So there you go. The tale of one of College Station's oldest restaurant sites in one post. Sorry for the absence as of late...I'll be wrapping up several more of the posts here with one more for the memories.
Friday, December 4, 2015
Once again, we come back to one of our blog, this time to roll a few smaller posts into a bigger one. As the picture above shows, the area at Holleman and Texas Avenue is now a large (kind of low end) shopping center. In addition to covering all the changes that went on there (which I have yet to do), I can combine a few older posts into this one. So, first, we have Pooh's Park at 1907 Texas Avenue South.
There's far more to Pooh's Park (no, not related to the "Winnie" one) I can get into today, because it's a popular topic on local nostalgia threads: if you want to learn more, you can head over to Facebook to talk or browse through old photos (and they include newspaper articles!)
I never got to experience Pooh's Park myself, but from what I've seen and read, it was like Chuck E. Cheese, Putt-Putt, and a skating rink (roller, not ice) all wrapped into one. It opened in 1972 and was where the shopping center where Hobby Lobby, Big Lots, and Ross are now. I would like to say that Pooh's Park remained open until it became too valuable to remain (and was getting run-down anyway) and closed in the early 2000s, but no, that's not the case (it is very similar to a certain defunct theme park that closed about a decade ago, though). It closed in by 1989 (at that point, the phone book no longer lists it) and only the sign remained up (with the logo of the yellow dog they had, and not the one pictured above, and the name gone) until around the time they built the shopping center in the early 2000s, and then remained up until a little while afterward.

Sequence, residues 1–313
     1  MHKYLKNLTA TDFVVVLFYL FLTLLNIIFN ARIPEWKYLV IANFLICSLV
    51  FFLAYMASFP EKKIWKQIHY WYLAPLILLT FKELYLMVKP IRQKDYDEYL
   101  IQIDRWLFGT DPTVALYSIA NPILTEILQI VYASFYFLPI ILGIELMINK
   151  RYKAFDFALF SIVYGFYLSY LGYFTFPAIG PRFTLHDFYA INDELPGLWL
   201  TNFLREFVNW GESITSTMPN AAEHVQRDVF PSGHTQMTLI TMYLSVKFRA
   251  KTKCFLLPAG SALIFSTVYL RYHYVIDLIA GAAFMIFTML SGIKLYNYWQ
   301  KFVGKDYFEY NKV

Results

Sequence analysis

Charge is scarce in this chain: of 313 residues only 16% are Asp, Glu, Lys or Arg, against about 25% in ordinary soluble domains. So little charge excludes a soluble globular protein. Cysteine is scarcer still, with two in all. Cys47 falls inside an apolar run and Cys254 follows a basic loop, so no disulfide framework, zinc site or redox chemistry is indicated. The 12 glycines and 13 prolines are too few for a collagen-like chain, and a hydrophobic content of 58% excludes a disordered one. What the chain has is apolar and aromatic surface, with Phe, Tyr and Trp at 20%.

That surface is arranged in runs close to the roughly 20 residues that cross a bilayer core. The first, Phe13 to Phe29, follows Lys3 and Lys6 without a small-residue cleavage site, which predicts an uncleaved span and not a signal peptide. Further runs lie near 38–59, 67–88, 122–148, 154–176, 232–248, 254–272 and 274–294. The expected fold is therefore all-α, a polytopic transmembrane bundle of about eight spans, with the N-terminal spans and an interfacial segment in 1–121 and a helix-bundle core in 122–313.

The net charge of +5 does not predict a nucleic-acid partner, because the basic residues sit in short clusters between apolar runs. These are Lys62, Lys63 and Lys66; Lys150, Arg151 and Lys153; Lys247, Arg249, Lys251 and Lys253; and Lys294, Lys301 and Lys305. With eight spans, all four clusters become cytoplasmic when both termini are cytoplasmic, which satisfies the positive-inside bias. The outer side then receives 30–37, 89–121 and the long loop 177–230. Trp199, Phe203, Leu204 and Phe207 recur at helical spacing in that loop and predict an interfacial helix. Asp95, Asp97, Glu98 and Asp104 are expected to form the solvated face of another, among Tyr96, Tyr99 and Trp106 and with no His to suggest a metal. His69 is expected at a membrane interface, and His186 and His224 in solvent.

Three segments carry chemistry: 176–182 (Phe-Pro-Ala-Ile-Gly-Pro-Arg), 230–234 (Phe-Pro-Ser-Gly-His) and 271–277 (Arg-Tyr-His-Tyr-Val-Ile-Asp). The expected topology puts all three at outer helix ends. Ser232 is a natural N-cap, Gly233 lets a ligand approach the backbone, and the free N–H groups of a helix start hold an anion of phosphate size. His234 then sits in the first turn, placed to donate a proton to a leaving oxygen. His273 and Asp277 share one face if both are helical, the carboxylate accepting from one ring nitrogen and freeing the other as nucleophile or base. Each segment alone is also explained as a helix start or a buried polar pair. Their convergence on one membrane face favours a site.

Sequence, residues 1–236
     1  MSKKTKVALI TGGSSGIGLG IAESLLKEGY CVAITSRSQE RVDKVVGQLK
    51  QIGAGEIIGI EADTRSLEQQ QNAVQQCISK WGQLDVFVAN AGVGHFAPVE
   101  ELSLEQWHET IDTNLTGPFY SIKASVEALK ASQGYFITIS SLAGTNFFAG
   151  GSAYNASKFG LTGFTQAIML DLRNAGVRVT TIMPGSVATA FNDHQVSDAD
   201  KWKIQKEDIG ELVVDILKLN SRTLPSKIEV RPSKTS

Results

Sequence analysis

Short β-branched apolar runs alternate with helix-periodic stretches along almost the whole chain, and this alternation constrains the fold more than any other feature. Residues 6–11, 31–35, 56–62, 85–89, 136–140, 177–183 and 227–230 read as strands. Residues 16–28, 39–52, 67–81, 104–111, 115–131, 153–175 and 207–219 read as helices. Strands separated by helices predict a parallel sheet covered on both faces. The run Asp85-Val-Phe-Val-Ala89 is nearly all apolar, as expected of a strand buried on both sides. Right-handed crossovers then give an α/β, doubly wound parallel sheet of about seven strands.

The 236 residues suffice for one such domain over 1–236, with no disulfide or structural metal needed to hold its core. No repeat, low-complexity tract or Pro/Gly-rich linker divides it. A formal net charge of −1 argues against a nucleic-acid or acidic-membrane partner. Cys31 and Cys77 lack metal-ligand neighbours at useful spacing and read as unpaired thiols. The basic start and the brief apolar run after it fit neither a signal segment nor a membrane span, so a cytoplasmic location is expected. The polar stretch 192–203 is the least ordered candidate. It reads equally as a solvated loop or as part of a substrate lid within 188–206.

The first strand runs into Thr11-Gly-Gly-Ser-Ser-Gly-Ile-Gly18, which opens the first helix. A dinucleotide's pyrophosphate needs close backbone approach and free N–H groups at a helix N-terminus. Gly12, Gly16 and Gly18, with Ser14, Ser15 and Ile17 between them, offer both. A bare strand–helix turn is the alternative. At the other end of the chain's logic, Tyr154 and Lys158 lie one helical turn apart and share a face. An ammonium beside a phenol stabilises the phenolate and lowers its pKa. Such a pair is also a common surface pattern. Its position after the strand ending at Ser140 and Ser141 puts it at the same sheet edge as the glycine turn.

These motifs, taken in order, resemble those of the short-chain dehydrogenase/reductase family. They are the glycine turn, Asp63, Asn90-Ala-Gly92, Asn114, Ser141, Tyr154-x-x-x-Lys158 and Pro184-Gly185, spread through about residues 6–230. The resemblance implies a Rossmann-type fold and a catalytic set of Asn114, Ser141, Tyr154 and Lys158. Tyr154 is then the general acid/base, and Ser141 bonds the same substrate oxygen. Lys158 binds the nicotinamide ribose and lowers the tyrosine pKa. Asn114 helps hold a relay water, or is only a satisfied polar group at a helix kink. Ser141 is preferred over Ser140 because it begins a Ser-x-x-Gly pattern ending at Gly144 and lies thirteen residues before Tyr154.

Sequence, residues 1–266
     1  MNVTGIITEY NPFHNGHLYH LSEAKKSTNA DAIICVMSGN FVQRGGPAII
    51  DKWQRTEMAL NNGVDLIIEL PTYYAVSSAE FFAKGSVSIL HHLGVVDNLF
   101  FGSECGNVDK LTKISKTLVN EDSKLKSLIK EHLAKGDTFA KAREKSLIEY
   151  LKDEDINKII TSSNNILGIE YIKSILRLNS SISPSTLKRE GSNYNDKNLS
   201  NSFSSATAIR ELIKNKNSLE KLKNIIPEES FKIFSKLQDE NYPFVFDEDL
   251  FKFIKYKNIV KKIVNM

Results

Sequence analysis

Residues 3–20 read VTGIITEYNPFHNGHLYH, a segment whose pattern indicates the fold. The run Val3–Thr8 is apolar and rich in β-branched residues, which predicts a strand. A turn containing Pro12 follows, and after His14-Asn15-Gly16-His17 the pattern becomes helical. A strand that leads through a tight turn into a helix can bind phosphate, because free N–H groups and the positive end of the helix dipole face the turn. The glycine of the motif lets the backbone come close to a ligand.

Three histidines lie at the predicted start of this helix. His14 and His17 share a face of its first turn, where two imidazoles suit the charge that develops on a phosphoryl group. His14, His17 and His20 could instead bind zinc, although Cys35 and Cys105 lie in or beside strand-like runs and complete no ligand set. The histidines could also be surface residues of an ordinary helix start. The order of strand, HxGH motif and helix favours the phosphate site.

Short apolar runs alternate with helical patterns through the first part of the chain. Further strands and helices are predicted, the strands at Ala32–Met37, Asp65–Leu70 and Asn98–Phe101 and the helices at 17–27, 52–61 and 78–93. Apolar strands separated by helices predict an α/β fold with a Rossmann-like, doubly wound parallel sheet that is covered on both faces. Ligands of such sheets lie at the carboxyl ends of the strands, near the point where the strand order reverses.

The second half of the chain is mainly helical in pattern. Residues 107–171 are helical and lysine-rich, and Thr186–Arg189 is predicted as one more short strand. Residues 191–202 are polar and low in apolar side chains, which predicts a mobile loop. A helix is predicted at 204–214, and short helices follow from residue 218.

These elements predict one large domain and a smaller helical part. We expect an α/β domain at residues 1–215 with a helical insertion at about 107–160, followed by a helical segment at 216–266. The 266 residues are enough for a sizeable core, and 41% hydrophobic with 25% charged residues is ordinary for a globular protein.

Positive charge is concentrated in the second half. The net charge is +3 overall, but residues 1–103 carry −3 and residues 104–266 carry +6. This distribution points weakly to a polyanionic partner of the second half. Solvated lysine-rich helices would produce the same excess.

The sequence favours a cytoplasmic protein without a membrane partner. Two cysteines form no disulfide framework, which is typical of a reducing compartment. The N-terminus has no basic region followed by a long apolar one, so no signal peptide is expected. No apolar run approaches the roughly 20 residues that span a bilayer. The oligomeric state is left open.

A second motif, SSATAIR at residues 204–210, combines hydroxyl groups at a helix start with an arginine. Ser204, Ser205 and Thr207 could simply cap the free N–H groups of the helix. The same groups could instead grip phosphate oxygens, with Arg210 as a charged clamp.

A 1984 phone book has a different ad that does mention things like a water slide (408 feet) and a different address (at some point, they changed to 105 Holleman, though based on what you can see from Google Earth, and backed up by a picture of Texas Avenue from a local history book I don't have a copy of with me) is that Pooh's Park was accessed through Texas Avenue, not Holleman.
Some older maps (circa 2001-ish, long after Pooh's Park bit the dust) put a "Pooh's Lane" roughly where the Bahama Buck's is now, but unless that first part of Holleman Drive East was actually called that (after all, there's a few things that do support that, including the odd alignment of Holleman Drive and Holleman Drive East suggests that the East part was first, and then Holleman Drive extended that way later by way of a particularly awkward curve, or the fact that the subdivision nearby (behind the strip center and the other businesses on the east side) is named Pooh's Park Subdivision.
Sharing the address with Pooh's Park (at least the original address) was one "Furniture Liquidation Mart" which closed in October 1985 (The Eagle), and I would guess that this is what Bahama Buck's replaced (it used to be the foundations of another building). It should be noted, though, my 1984 phone book doesn't list it.